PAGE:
Photo courtesy of Dr Gustav Klobeck
Alan Wolffe's untimely death at a conference last spring came as a shock to those in the chromatin world and beyond. The loss of this dynamic researcher, prolific writer and lively role model has been widely felt among members of the molecular biology community over the months since his death. Box 1
Quotes from some of the authors:
‘Alan was a most successful advocate of all aspects of chromatin research. His endless series of reviews helped to increase the awareness of the importance of epigenetic regulation among those concerned with gene expression, not least the editors of general interest journals. His encyclopedic memory allowed him to condense facts from various corners of the field into coherent, Reader's Digest‐type reviews that brought everybody up to date. Because Alan was highly social, communicative and interactive, many researchers in the chromatin world had a special relationship with him. As a source of inspiration and support or as a tough competitor in one of the many areas he was interested in, Alan Wolffe was a point of reference for many of us.’
‘I once asked Alan to autograph a copy of Chromatin Structure and Function as a graduation present for a former student of mine. Alan obliged, inscribing a quote from Albert von Szent‐Gyorgy: “Discovery consists of seeing what everybody has seen and thinking what nobody has thought.” These words poignantly describe Alan's own role in the rise of the nucleosome from relative obscurity in the 1970s and 80s to dominating scholarship in genome biology.'
Fyodor D. Urnov
‘One of Alan's favourite quotations was “Nature never decided to be interesting, yet we scientists find it fascinating!” He has greatly contributed to us finding chromatin a very interesting aspect of nature.’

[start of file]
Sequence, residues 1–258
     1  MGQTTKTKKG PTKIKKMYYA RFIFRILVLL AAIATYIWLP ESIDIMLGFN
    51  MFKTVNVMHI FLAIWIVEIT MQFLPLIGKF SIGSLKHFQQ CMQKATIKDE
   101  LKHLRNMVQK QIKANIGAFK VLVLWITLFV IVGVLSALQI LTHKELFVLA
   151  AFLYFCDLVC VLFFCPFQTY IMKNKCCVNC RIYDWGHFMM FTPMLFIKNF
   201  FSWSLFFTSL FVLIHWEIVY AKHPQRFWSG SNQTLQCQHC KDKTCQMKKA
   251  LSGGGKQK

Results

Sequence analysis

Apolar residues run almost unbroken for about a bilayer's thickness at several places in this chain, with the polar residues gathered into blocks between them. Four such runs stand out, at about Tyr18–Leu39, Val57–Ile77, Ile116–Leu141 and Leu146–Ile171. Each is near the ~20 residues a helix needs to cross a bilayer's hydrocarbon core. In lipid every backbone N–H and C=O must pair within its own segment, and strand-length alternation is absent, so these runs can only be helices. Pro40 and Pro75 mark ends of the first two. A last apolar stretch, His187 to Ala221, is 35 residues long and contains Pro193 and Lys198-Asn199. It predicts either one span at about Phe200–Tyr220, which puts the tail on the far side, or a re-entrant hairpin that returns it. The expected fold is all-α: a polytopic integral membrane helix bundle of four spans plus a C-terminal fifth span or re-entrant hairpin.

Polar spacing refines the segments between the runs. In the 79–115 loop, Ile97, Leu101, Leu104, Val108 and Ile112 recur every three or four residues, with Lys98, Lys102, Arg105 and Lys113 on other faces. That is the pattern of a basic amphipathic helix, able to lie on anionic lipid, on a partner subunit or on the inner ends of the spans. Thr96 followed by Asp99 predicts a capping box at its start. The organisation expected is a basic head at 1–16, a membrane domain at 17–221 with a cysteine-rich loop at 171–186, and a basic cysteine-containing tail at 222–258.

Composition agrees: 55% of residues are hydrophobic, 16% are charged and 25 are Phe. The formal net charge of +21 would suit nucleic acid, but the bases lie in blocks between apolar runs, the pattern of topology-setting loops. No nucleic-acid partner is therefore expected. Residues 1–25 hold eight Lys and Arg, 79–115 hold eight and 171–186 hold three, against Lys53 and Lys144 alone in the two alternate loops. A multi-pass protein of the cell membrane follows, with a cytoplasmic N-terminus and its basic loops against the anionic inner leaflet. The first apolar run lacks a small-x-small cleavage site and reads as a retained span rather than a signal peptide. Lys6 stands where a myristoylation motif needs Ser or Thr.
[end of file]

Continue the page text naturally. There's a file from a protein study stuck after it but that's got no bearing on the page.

A simple Medline search is enough to illustrate Alan's contribution to the chromatin field. His publications range in the hundreds, and include many reviews and two books. To us at EMBO reports, the impact of Alan's work is also evident from the literature we had commissioned prior to his death. The last time I had contacted Alan for advice on another matter, in addition to providing helpful input, he had also volunteered to write a review on his latest scientific interest, the use of designed transcription factors as tools in medicine and in basic research. It was to be co‐authored by some of his colleagues at his newly established laboratory at Sangamo Biosciences, including Fyodor Urnov who had been one of his last post‐docs at the NIH. On a second front, we had asked several members of the chromatin community to contribute to a review series on chromatin dynamics. One of these was Alan's first post‐doc, Geneviève Almouzni, who, together with Catherine Green, has written an article that appears in this issue. Other authors contributing to this series include Peter Becker, who first got to know Alan when he joined Carl Wu's laboratory at the NIH. There, Carl encouraged Peter to seek advice from Alan and Geneviève, whose input helped him to get his new projects off the ground.
Given the above network of connections, and our gratitude to Alan for his support of both The EMBO Journal and EMBO reports, we thought it appropriate to dedicate this review series to him, and to extend it to include the review that we had initially commissioned from his group. Pier Paolo Pandolfi, from the Memorial Sloane‐Kettering Cancer Center, has also contributed to the latter review to honor Alan's memory.
Thus, in the next few months, we will feature articles cove ring the following of aspects chromatin dynamics:
• When repair meets chromatin by Catherine M. Green & Geneviève Almouzni (this issue)
• Histone acetylation: a switch between repressive and permissive chromatin by Anton Eberharter & Peter Becker
• Designed transcription factors as structural, functional and therapeutic probes of chromatin in vivo by Edward J. Rebar, Andreas Reik, Fyodor D. Urnov & Pier Paolo Pandolfi
• Mechanisms for regulated chromatin remodeling enzymes by Craig Peterson
- Copyright © 2002 European Molecular Biology Organization